Veterans may be eligible for housebound benefits if they get a monthly VA pension; have a permanent, service-related disability; and must spend nearly all their time at home for health reasons. However, veterans can’t attain this benefit and Aid and Attendance at the same time.
Veterans can apply through the mail or in person. They will need to download the VA Aid and Attendance form, VA Form 21-2680, the examination for regular Aid and Attendance. The examination information section needs to be completed by the senior’s doctor. Veterans can complete the rest of the form independently, or take it to a VA regional office for assistance. Either way, seniors should be prepared with their:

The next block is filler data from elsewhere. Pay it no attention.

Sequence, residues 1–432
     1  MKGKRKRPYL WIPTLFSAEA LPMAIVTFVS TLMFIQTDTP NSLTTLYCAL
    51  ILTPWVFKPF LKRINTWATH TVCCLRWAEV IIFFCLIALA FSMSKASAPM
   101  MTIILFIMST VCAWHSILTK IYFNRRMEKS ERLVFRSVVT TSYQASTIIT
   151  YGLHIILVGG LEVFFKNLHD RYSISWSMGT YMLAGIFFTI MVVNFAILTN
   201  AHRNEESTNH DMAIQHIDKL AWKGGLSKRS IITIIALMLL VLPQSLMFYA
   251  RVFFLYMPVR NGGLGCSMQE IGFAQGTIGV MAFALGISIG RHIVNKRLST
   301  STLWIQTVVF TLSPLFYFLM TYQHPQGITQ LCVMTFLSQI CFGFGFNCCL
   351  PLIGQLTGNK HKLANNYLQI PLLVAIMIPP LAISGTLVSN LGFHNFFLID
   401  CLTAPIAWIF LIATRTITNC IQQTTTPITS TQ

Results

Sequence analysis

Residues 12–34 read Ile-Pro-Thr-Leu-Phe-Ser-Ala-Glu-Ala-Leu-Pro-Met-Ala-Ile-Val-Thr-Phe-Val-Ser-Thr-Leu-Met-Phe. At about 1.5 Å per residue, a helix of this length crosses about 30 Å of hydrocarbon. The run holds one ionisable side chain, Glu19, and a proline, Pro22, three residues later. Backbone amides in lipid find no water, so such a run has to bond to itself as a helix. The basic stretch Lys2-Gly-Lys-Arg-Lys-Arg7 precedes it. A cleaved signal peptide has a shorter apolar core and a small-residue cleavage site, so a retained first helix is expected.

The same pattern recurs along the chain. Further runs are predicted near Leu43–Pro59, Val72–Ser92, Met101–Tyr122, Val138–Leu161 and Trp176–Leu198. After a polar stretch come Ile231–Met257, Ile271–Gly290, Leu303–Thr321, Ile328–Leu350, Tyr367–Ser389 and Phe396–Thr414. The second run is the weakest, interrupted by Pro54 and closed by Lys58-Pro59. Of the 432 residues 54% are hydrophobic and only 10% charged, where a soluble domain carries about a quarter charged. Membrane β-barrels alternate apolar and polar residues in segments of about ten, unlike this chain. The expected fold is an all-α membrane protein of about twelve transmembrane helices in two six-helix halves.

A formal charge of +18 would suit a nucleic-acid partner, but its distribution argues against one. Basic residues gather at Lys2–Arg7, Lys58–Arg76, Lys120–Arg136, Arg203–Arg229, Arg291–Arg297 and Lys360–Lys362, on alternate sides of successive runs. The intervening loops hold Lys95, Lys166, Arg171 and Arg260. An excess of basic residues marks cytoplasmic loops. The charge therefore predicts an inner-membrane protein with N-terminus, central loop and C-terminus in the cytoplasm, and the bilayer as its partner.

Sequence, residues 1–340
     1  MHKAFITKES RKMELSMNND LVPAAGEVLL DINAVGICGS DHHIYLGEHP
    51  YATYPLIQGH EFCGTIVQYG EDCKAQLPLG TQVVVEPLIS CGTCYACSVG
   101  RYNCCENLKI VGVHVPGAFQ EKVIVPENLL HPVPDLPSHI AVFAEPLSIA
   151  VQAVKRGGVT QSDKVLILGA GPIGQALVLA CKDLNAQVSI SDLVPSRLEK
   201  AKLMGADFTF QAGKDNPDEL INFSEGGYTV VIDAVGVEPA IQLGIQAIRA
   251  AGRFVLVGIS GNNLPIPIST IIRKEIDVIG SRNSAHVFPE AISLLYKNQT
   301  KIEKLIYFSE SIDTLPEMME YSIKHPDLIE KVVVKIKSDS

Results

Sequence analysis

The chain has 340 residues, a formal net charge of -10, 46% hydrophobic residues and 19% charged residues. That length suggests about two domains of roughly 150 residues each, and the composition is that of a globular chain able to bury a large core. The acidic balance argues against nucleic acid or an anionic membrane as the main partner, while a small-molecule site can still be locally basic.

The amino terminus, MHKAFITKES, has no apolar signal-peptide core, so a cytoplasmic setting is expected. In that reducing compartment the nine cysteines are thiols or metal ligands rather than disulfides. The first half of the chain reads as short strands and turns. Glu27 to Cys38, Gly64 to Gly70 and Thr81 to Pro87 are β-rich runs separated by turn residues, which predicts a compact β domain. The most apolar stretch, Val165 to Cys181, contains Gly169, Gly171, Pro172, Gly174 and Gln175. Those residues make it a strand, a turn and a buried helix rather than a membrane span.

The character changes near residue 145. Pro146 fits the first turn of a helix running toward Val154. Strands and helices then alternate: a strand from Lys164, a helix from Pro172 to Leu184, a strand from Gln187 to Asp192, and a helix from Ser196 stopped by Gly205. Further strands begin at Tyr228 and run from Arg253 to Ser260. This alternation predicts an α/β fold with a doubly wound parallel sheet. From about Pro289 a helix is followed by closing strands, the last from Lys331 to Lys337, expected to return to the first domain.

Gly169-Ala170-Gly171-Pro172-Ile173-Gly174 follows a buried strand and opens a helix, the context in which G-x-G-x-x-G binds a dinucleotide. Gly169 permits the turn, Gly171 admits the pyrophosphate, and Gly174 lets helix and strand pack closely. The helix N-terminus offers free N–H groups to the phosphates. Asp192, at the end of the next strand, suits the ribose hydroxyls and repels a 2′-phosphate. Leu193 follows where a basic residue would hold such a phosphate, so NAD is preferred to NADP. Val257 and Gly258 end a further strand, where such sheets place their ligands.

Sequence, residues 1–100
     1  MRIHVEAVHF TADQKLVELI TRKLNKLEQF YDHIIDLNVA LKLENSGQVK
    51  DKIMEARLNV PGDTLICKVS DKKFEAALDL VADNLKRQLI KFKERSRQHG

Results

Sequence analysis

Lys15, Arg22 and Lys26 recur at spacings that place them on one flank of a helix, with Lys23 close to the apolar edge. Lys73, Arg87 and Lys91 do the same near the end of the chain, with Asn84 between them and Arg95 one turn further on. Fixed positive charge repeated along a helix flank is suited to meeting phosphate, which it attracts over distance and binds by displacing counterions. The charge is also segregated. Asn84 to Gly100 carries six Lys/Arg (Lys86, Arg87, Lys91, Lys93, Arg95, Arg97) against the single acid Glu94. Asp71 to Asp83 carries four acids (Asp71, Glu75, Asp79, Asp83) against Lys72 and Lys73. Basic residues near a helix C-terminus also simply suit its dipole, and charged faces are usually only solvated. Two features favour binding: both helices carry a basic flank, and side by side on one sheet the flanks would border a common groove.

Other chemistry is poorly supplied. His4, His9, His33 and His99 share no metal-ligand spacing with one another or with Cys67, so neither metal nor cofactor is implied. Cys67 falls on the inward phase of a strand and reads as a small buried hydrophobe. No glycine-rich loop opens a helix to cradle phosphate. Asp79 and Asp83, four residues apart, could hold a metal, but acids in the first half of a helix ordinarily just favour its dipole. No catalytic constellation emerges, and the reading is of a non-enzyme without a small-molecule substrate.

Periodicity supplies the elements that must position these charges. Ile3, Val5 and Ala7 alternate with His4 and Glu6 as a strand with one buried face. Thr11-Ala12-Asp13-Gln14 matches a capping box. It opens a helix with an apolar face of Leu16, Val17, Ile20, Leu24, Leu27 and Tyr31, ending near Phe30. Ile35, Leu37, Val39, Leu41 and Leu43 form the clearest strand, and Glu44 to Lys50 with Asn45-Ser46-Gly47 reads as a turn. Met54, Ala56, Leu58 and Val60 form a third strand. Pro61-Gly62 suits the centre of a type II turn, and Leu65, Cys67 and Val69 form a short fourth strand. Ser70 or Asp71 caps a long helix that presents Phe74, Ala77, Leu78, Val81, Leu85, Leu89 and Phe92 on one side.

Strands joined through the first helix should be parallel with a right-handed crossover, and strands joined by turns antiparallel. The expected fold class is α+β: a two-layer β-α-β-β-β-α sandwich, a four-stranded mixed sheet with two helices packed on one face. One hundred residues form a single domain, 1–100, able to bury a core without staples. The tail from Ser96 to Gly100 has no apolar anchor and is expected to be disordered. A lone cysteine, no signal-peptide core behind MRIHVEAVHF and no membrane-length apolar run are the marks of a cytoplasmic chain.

Seniors can also send details about their day-to-day lives, such as how a disability affects their routine or difficulties with transportation. However, this is typically not necessary, says Goodman, and can prolong the application response time.
While veterans and their families can fill out successful applications themselves, sometimes trained help is needed. A Place for Mom’s Senior Living Advisors can answer basic questions about Aid and Attendance, and may be able to refer to VA-accredited consultants for help in filling out the application. Veterans’ organizations like the VFW, American Legion, and Disabled American Veterans (DAV), which have local posts and chapters in most cities, provide assistance filling out Aid and Attendance forms for no cost.
Elder law attorneys often assist veterans and their families with their application. The VA maintains a free, online database to help veterans find VA-accredited attorneys in their state.